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Guangping Gao named 2017 fellow of the National Academy of Inventors

UMass Chan professor joins ranks of NAI innovators for his discoveries related to AAV gene therapy

  Guangping Gao, PhD

Guangping Gao, PhD

Guangping Gao, PhD, a global leader in the field of adeno-associated virus (AAV) gene therapy, has been named a fellow of the National Academy of Inventors.

Dr. Gao, the Penelope Booth Rockwell Chair in Biomedical Research, professor of microbiology & physiological systems, founding director of the Horae Gene Therapy Center & Vector Core and co-director of LI Weibo Institute for Rare Diseases Research, was chosen for induction for having demonstrated a “highly prolific spirit of innovation in creating or facilitating outstanding inventions that have made a tangible impact on quality of life, economic development and the welfare of society.”

Gao, who is joined by 154 other esteemed innovators and inventors who were also awarded the distinction of fellow this year by the NAI, said the recognition acknowledges not only his contribution to science, technology and transformative medicine, but also of the growing importance of gene and cell therapy research and of the UMMS commitment to innovation.

“I am proud that I am part of the field of gene and cell therapy and part of this world-renowned institution. UMass Medical School and our dedicated faculty are developing innovative therapies, gaining greater understanding of disease and always focusing on the patient. This work will change the ability to care for and the quality of care given to patients who are currently untreatable,” Gao said.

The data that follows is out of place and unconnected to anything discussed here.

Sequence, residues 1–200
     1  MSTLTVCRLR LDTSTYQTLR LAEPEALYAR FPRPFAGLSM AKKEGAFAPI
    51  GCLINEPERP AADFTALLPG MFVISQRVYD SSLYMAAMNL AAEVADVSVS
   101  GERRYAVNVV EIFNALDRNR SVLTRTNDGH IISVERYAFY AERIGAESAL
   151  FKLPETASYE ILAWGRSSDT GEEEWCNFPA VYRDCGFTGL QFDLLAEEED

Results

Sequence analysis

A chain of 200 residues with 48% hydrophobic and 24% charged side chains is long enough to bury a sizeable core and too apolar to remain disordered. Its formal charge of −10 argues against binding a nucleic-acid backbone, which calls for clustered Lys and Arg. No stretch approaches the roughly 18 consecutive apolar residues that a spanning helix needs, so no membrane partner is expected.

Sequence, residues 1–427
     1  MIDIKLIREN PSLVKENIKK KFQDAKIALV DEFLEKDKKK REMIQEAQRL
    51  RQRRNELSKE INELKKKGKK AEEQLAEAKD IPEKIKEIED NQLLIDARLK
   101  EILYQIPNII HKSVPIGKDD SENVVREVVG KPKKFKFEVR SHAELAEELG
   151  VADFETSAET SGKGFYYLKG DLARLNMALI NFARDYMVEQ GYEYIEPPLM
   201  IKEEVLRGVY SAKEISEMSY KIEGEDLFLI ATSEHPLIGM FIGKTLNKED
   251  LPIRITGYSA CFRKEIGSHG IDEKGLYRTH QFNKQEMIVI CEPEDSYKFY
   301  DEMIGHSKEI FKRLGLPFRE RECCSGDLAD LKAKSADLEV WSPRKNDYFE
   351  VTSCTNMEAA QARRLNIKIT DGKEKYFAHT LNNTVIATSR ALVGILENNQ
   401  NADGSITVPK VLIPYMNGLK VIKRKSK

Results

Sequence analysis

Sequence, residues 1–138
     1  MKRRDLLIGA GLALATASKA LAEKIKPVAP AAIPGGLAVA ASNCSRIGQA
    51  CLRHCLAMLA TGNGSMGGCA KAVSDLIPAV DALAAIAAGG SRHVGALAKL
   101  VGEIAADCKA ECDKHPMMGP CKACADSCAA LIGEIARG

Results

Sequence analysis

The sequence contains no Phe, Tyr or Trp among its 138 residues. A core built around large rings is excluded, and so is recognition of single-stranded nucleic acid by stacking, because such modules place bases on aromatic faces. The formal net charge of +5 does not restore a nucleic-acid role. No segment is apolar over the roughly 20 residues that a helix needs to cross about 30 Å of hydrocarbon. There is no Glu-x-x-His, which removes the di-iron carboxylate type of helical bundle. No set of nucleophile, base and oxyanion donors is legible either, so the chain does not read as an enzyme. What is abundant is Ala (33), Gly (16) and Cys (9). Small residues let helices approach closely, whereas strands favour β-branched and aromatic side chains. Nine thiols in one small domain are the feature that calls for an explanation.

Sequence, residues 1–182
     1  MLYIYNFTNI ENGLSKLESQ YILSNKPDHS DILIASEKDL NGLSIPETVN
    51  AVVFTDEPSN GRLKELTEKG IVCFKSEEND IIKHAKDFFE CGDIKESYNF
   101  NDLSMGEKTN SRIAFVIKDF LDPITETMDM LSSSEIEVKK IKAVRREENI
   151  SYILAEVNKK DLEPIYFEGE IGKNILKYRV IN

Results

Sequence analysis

Gao has played a key role in the discovery and characterization of new AAV serotypes. He collaborates on translational research here and abroad as scientific director of the UMMS-China Translational Research Initiative. The Gene Therapy Center explores the promise of AAV vectors for treating a wide range of genetic diseases. The Gao lab focuses on AAV vector mediated in vivo gene transfer for gene therapy in general, and gene therapy of inherited neurodegenerative Canavan Disease in particular.

The 2017 fellows are named inventors on nearly 6,000 issued U.S. patents, bringing the collective patents held by all NAI Fellows to more than 32,000 issued U.S. patents. With the election of the 2017 class, there are now 912 NAI fellows representing over 250 research universities and governmental and nonprofit research institutes, including six from UMMS.

NAI fellows from UMass Medical School include: Phillip D. Zamore, PhD, Howard Hughes Medical Institute Investigator, the Gretchen Stone Cook Professor of Biomedical Sciences and chair and professor of RNA therapeutics; Robert H. Brown Jr., DPhil, MD, the Leo P. and Theresa M. LaChance Chair in Medical Research and chair and professor of neurology; Roger J. Davis, PhD, Howard Hughes Medical Institute Investigator, the H. Arthur Smith Chair in Cancer Research and professor of molecular medicine and biochemistry & molecular pharmacology; Nobel Laureate Craig C. Mello, PhD, Howard Hughes Medical Institute Investigator, the Blais University Chair in Molecular Medicine and distinguished professor of RNA therapeutics; and John E. Ware, PhD, professor of quantitative health sciences.

The NAI was founded in 2010 to recognize and encourage inventors with patents issued from the U.S. Patent and Trademark Office, enhance the visibility of academic technology and innovation, encourage the disclosure of intellectual property, educate and mentor innovative students, and translate the inventions of its members to benefit society.

The 2017 Fellows Induction Ceremony will be held on April 5, 2018, in Washington, D.C.

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Phillip D. Zamore, PhD, named 2014 Fellow of the National Academy of Inventors